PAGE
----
John 18:33–37 33Pilate went back into the Praetorium and summoned Jesus. He asked him, “Are you the King of the Jews?”
34Jesus answered, “Are you saying this on your own, or did others tell you about me?”
35Pilate answered, “Am I a Jew? Your own people and chief priests handed you over to me. What have you done?”
36Jesus replied, “My kingdom is not of this world. If my kingdom were of this world, my servants would fight so that I would not be handed over to the Jews. But now my kingdom is not from here.”
37“You are a king then?” Pilate asked.
Jesus answered, “I am, as you say, a king. For this reason I was born, and for this reason I came into the world, to testify to the truth. Everyone who belongs to the truth listens to my voice.”
“To him who loves us and has freed us from our sins by his own blood and made us a kingdom and priests to God his Father—to him be the glory and the power forever.” (Revelation 1:5–7)
Pilate was an official of imperial Rome. Jesus stood before him as an accused traitor. The Jews claimed he was a king trying to usurp the power of Caesar. Pilate had a responsibility to question Jesus and assess whether or not He was truly a threat to the Roman empire. If Jesus was a king leading a rebellion, the Romans would oppose Him and His followers with the force of Roman legions. The empire was built on Roman military power, and Romans did not tolerate opposition to their power. But Pilate’s interview revealed that Jesus was not a threat. As a matter of fact, Pilate would conclude, “I find no basis for a charge against him” (Jn 18:38).
Still, Pilate was afraid to release Jesus for fear that the Jews would create problems with Caesar. Then, Pilate would be assigned an even worse place to govern than Israel. Pilate became downright terrified when he learned that Jesus claimed not only to be a king, but also the Son of God (John 19:8). To appease the Jews, Pilate issued the order for this king of the Jews to be crucified.
The questions about whether Jesus was a king or not apparently stuck in Pilate’s memory. When Jesus was led out of Jerusalem and then crucified, the soldiers had received orders to place a notice on the cross of Jesus: “jesus of nazareth, the king of the jews.” For Pilate, it was perhaps his little joke, and he wanted everyone to know it. The notice was written in Aramaic, Latin, and Greek for everyone could understand one of those languages. A helpless victim without an army, who offered no resistance at all, was crucified. Of course, the Jews were not happy with Pilate’s little joke. They complained, “Do not write ‘The King of the Jews,’ but that this man claimed to be king of the Jews” (John 19:21). It was the one time in this whole discourse that Pilate stood up to the Jews. He replied, “I have written what I have written” (John 19:22).
Yet Jesus is indeed a king, the King, and His cross is the battleground on which He achieved His great victory. He was not fighting against soldiers arrayed in battle formations and marching to subdue an opposing army. He took on forces far greater and deadlier. Jesus went into battle against the devil and his legions of hell, along with their ancient allies of sin and death. Those forces had enslaved all people of the world. The devil tricked our first parents into eating the forbidden fruit. That one action brought sin and death into this once perfect world. We are born in that sin. We live in that sin. We will die in that sin. No matter how hard we try, work or react, there is no human way we can deliver ourselves from our sin and its consequences.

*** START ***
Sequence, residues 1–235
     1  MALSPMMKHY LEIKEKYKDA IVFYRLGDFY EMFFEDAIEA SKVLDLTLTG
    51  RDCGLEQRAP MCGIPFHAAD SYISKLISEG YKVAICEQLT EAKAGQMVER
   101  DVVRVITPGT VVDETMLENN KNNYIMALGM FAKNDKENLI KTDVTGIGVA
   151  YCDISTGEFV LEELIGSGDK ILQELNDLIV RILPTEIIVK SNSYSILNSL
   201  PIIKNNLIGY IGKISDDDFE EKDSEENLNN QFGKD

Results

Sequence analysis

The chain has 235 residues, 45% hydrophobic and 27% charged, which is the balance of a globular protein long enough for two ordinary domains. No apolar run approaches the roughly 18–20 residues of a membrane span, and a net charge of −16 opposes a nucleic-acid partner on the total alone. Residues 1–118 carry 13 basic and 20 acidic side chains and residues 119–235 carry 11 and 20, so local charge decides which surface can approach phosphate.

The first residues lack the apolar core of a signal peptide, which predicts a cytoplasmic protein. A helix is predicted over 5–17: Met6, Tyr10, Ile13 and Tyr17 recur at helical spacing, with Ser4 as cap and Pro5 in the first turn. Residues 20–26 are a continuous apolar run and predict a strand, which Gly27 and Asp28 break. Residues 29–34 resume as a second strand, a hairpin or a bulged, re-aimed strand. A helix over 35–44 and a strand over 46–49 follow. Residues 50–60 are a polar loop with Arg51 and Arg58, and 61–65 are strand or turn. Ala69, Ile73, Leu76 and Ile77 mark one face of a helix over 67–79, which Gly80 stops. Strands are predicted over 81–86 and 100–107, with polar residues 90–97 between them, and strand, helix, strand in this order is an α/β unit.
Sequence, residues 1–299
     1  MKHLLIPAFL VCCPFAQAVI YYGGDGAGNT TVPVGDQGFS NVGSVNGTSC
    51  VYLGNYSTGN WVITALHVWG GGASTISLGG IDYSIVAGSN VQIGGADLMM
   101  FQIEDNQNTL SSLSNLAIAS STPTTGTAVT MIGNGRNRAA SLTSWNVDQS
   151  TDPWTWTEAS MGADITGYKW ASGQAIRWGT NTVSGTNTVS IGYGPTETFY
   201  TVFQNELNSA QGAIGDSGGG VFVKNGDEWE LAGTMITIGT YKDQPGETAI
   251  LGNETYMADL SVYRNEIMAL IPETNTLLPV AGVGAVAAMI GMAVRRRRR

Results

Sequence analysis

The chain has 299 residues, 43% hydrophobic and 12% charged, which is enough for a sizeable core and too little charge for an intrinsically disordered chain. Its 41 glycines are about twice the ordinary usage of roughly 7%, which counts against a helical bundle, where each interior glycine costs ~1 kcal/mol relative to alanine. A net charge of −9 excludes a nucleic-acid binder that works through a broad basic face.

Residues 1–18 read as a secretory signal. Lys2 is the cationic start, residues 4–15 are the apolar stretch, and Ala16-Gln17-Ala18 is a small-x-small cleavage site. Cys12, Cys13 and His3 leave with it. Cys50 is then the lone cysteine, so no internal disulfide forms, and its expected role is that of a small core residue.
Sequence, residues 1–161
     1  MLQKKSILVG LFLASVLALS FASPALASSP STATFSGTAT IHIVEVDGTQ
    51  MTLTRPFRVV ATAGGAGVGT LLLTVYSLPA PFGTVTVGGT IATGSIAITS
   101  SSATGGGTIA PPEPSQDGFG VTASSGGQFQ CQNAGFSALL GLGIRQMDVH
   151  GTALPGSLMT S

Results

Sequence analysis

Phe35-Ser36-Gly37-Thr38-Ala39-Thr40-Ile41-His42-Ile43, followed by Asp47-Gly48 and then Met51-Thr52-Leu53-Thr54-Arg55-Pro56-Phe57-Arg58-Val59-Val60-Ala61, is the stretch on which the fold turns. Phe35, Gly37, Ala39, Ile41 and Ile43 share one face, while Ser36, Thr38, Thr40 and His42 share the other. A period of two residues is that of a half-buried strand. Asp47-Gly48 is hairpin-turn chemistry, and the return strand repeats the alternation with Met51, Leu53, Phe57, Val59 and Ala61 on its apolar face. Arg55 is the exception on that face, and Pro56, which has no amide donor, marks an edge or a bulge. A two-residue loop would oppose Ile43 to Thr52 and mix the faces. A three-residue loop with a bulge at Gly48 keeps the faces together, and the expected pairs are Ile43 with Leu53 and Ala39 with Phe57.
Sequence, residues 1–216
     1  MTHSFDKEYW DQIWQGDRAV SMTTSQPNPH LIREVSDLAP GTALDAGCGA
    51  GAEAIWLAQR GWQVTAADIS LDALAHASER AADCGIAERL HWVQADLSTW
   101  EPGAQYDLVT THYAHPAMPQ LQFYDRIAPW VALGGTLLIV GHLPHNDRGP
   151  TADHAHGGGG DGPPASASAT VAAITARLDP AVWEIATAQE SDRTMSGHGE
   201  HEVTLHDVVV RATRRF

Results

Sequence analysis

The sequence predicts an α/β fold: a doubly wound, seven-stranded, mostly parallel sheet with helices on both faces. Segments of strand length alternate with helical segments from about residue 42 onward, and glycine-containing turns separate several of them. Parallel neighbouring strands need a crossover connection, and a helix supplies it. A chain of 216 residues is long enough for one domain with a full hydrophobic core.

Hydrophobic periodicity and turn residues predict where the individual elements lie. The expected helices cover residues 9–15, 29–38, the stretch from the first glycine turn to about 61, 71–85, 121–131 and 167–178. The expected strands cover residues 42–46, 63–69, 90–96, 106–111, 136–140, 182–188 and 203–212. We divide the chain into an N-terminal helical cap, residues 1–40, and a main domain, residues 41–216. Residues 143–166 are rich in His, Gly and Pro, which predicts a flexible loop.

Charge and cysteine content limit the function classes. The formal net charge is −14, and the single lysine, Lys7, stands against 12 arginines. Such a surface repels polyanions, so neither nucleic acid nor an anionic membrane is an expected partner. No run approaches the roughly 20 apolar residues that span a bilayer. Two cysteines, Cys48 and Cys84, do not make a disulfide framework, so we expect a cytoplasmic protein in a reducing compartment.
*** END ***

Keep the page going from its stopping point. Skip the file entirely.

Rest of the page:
We are trapped. Enslaved. Doomed and damned.
Our spiritual opponents are lined up against us. The devil knows our every weakness. Sin is a traitor living within our own heart. Death is just biding its time until it claims every one of us.
We are helpless. It all seems so hopeless.
Then we remember that God sent His Son Jesus into this helpless and hopeless situation. King Jesus left His throne in heaven because He was not content to be an outside observer, watching the troubles in the world from a distance. No, He chose to face the old evil foe in our place. He entered the world of sin to take sin upon Himself. He took on human flesh so that He could die and thereby defeat death.
The King of heaven and earth entered our world as a human baby, the most helpless creature of all. He grew up in a poor family, in a backwater town of the Roman empire. As a man, He walked the roads of Galilee and Judea, serving the victims of the world’s evils” the poor, the sick, the forgotten, the outcast and the demon-possessed. He healed, comforted, taught and forgave. One by one, broken person by broken person, Jesus healed the wounds of the world.
But that was not enough for Jesus. Though He was a friend of sinners, He allowed Himself to be betrayed by one of His closest friends. He could have called down angels to protect Him, yet He permitted a handful of guards with torches and clubs to arrest Him. He is the Judge of the righteous and the unrighteous, but He endured the judgments of the Jewish high priest and the Roman governor. His body was unblemished and without defect, yet He consented to having His head crowned with thorns, His hands and feet pierced with nails, and His back torn apart with the scourge. He could not die as part of the divine Trinity, but when He took humanity into His divinity, He accepted death – even death on a cross.
But that’s what needed to be done to accomplish what King Jesus had come to earth to do. Opposing the powers of evil meant that Jesus had to go all the way to cross. There on the cruel cross, Jesus crushed the Ancient Serpent’s head. He removed sin’s sting. He defeated death. The One who was mocked as the King of the Jews and crowned with thorns was really the King of Kings crowned with glory.